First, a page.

What exactly Causes a Painful Shoulder

Simon OJ - The Shoulder Specialist

Leading shoulder expert, Mr Simon Owen-Johnstone, better known amongst colleagues as Simon OJ, says, “Even though you consult a shoulder surgeon, the chances are that you won’t actually need an operation! Most of my work doesn’t involve surgery. It’s best to think of a surgeon as a shoulder specialist who can also operate if needed.”

The Shoulder Pain Diagnosis is Critical

In his article, specifically for the benefit of patients who have been suffering for a while with a painful shoulder, Simon OJ provides an in-depth overview. The most important part of the process is the initial diagnosis, because pain can be caused for a number of different reasons and the treatment has to be appropriate.

Anatomical Guide to Shoulder Pain

There are many ways to list the things that can cause shoulder pain, but the easiest simply relates to the anatomy:

Rotator Cuff pain

The tendons of the Rotator Cuff are prone to getting brittle and wearing out. The mildest form of this is called Bursitis. Over time, the bones change shape and rub on the tendons, called Impingement. Eventually, the tendons start to tear, and may rip off entirely.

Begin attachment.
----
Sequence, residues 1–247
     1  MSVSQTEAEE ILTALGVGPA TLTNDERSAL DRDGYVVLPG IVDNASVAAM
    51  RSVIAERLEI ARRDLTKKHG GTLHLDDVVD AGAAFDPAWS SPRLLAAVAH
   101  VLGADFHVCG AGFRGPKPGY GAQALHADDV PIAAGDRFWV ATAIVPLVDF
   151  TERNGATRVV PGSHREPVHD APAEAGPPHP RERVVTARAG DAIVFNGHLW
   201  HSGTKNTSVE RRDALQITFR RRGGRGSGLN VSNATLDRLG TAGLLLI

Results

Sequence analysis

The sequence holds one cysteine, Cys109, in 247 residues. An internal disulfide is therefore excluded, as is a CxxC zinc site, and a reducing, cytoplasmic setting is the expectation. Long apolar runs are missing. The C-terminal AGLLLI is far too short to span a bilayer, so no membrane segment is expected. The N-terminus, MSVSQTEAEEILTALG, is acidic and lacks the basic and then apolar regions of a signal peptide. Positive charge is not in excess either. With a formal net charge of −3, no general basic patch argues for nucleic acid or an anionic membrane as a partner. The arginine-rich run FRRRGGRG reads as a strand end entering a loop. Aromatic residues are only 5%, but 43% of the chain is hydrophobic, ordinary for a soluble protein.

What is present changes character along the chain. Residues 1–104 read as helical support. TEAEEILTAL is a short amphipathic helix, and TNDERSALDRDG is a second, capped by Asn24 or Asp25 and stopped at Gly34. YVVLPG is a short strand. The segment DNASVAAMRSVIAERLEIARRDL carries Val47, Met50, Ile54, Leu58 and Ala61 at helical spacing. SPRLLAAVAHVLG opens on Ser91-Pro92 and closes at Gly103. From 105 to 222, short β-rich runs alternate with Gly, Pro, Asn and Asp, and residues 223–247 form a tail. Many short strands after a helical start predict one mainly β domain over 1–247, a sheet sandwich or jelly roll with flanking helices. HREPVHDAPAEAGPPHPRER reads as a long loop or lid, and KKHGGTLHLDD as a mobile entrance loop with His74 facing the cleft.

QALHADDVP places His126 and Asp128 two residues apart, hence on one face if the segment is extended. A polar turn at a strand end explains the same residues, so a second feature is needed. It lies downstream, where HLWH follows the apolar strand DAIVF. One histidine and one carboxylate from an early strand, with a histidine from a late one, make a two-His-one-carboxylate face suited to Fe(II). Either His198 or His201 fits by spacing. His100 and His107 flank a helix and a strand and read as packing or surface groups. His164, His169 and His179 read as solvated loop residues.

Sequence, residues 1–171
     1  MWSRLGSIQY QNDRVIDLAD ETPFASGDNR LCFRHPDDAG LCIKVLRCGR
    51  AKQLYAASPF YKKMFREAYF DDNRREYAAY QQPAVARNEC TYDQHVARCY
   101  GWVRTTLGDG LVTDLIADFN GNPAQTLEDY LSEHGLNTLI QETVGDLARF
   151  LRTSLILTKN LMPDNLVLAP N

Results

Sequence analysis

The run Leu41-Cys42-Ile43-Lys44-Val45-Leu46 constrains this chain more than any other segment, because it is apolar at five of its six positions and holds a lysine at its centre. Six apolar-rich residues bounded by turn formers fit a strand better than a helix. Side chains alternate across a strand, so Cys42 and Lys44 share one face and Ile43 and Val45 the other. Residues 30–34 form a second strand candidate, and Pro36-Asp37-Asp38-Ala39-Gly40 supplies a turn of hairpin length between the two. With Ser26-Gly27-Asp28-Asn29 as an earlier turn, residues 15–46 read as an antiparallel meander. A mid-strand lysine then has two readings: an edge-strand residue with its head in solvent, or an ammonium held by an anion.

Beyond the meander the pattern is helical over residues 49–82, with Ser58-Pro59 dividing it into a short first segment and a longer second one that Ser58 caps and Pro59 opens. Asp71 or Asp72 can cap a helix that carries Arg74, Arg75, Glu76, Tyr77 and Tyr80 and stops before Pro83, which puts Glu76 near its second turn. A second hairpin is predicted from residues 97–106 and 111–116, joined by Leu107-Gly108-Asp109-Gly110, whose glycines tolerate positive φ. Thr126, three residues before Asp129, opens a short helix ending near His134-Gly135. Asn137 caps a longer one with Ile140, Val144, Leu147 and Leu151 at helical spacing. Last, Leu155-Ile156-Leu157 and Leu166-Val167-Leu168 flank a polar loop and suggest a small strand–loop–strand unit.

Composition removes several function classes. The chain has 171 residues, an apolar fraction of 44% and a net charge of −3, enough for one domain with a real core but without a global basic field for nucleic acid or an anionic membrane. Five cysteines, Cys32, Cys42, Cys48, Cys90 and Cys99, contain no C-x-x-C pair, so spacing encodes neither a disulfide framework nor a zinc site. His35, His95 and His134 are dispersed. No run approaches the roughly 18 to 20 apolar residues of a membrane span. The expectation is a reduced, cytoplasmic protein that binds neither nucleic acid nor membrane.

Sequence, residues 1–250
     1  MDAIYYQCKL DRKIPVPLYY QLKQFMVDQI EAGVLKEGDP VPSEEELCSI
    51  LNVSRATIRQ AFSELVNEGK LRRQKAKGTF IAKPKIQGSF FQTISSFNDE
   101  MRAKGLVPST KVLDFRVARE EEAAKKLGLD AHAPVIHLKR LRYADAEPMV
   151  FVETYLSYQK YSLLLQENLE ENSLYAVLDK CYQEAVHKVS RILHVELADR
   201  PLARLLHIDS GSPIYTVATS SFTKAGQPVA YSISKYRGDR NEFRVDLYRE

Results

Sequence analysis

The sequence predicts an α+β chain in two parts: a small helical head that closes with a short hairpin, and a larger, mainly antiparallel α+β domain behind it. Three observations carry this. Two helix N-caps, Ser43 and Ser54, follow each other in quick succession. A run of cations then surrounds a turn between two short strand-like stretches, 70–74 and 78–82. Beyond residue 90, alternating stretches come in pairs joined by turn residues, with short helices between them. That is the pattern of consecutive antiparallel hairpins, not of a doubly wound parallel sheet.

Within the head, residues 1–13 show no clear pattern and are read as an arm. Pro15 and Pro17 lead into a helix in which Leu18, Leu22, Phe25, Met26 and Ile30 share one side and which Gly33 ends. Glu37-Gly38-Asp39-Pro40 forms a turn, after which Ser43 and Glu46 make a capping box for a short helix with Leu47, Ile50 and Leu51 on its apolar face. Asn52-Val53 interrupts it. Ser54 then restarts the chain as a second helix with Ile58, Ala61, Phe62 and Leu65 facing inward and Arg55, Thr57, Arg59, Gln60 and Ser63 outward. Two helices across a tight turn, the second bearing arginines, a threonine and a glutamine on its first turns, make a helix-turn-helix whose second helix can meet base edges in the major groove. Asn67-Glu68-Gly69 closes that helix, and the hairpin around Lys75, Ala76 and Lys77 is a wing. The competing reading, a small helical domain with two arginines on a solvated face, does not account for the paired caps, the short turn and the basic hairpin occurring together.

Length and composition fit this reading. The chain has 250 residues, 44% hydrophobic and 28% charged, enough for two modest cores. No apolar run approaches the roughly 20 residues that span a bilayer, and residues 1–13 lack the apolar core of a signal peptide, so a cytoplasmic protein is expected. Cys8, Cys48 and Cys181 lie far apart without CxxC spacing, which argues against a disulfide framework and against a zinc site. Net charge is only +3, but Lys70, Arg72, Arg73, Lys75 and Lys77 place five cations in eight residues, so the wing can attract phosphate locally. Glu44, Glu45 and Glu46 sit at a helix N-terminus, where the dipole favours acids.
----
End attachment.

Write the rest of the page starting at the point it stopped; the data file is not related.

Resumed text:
Frozen Shoulder

In a ‘Frozen Shoulder’ the Capsule becomes greatly thickened and stiffened. This limits movement and is exquisitely painful. Untreated, it can persist for a couple of years, before burning out. This condition is more common in people with diabetes, although it’s often triggered by relatively minor injury.

Acromio Clavicular Joint Pain

This little bump on the top of our shoulder contains a little disc of cartilage. Keen users of gym machines commonly damage the disc and wear the joint out. It hurts to sleep on the bad side, with pain very localised to the bump.

Pain caused by a torn Labrum in the shoulder

The little flange around the socket is crucial to stopping dislocations. It can be torn causing pain deep inside, especially when reaching up or back. Sometimes there’s a clunk. A badly torn Labrum can allow the ball to slide forward, making the whole shoulder feel loose and unreliable.

Inflammation of the Biceps tendon

This tendon runs up the front of the ball in a groove where it can catch and become inflamed.

Shoulder ball-and-socket problems

Osteoarthritis is rare in the shoulder. It typically comes later in life, although collision sport players can develop it younger. At first, there is just an ache on reaching. Over years the shoulder gets stiffer and the pain gets worse.

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